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Re: Abdul Kalam passes away Oct 15, 1931 - July 27, 2015

Postby KJo » 30 Jul 2015 04:41

TN declares a holiday?
That is precisely what Dr Kalam would NOT have wanted. Why are we looking for reasons not to work?
My friend is CEO in a BLR company and he and his people voluntarily worked extra hours in Dr Kalam's honor.

SaiK
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Re: Abdul Kalam passes away Oct 15, 1931 - July 27, 2015

Postby SaiK » 30 Jul 2015 08:32

SwamyG wrote:
chandrasekaran wrote:Please watch this, preferably with your children - though this is in Tamil, has very nice sub-titles. Can assure that its one of the best 25 minutes you will spend. Striking simplicity and humility
https://www.youtube.com/watch?v=WY_oMRu-tIE
Great video showcasing a purushotam.

great questions by the kids, and fantastic answers.. except for the first kid who got a smack for asking political question.. and he too gets what he should focus on!

santosham (happiness) - when missile-composites delivered agni to space
anandham (bliss) - when the same/similar composite reduced the weight of artificial leg for a kid (3kg -> 300gms).

very practical.. and his enlightenment at rishikesh from swami sivananda - defeat the defeatist minds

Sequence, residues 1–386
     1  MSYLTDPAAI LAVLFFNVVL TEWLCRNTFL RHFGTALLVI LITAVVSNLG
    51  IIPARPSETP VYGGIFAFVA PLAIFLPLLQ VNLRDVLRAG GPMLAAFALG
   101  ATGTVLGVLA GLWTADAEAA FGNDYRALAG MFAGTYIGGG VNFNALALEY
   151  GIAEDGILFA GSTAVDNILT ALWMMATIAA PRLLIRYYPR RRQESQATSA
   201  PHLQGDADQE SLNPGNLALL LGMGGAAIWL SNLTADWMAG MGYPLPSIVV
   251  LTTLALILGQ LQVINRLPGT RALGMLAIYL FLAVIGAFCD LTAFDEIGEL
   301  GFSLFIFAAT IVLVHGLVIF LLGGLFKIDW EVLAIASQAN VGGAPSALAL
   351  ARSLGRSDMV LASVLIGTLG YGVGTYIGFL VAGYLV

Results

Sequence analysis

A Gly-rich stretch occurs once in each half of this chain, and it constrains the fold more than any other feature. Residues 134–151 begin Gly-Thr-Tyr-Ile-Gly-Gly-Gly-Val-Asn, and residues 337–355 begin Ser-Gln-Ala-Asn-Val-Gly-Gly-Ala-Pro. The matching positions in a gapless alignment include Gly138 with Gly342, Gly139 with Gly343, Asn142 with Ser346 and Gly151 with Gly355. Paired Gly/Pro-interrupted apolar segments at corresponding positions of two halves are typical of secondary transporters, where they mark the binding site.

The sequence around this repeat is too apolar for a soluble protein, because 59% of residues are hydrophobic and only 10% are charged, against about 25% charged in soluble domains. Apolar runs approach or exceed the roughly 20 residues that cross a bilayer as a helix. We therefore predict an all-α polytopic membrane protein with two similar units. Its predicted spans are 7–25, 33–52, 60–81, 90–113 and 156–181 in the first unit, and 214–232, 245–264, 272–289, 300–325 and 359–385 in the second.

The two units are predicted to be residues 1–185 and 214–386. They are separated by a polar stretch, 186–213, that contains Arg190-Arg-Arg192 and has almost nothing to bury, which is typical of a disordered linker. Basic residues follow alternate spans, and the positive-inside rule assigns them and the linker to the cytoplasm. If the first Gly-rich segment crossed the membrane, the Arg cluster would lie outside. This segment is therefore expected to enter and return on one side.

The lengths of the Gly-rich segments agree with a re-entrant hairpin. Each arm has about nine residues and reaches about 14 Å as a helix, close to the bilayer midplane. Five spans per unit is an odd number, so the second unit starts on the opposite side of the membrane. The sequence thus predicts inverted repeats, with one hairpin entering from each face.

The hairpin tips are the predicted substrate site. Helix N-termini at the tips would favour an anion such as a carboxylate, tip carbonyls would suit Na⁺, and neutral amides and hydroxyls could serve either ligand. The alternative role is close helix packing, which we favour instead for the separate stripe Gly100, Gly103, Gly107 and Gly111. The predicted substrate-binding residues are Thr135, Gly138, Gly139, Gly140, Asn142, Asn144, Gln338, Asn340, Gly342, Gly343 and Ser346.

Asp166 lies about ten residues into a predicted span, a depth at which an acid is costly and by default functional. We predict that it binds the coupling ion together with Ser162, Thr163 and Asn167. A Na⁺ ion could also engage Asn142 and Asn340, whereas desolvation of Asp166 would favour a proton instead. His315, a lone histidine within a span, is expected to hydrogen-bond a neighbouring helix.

... and those who don't listen here, will be boxed!

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Re: Abdul Kalam passes away Oct 15, 1931 - July 27, 2015

Postby Multatuli » 30 Jul 2015 12:09

MN Kumar wrote:

I would like to call him as a "Kaarana Janmudu" (One who is born for a specific purpose).


Yes, looking at how he lived his life, not just the things he achieved but the principles he lived by, his pursuit of truth and working for the common good, not caring about status, material possessions and such.

His life is a source of inspiration, an example to follow.

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Re: Abdul Kalam passes away Oct 15, 1931 - July 27, 2015

Postby Sachin » 30 Jul 2015 21:19

Condelences... Is there a video available which shows the "military aspect" of the funeral accorded to our popular President? If possible without the dialogues of various news anchors?

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Re: Abdul Kalam passes away Oct 15, 1931 - July 27, 2015

Postby arshyam » 31 Jul 2015 20:09

Dinamalar, the Tamil daily, has a set of 92 pics of Sri Kalam's funeral. You can see it here: http://www.dinamalar.com/kalam.asp



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arshyam
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Re: Abdul Kalam passes away Oct 15, 1931 - July 27, 2015

Postby arshyam » 31 Jul 2015 20:10

And a few more:

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All image credits to Dinamalar: http://www.dinamalar.com/kalam.asp

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Re: Abdul Kalam passes away Oct 15, 1931 - July 27, 2015

Postby Gus » 31 Jul 2015 20:35

People need to cut off money to ELM and send money to regional papers in form of subscription, net traffic and social media shares.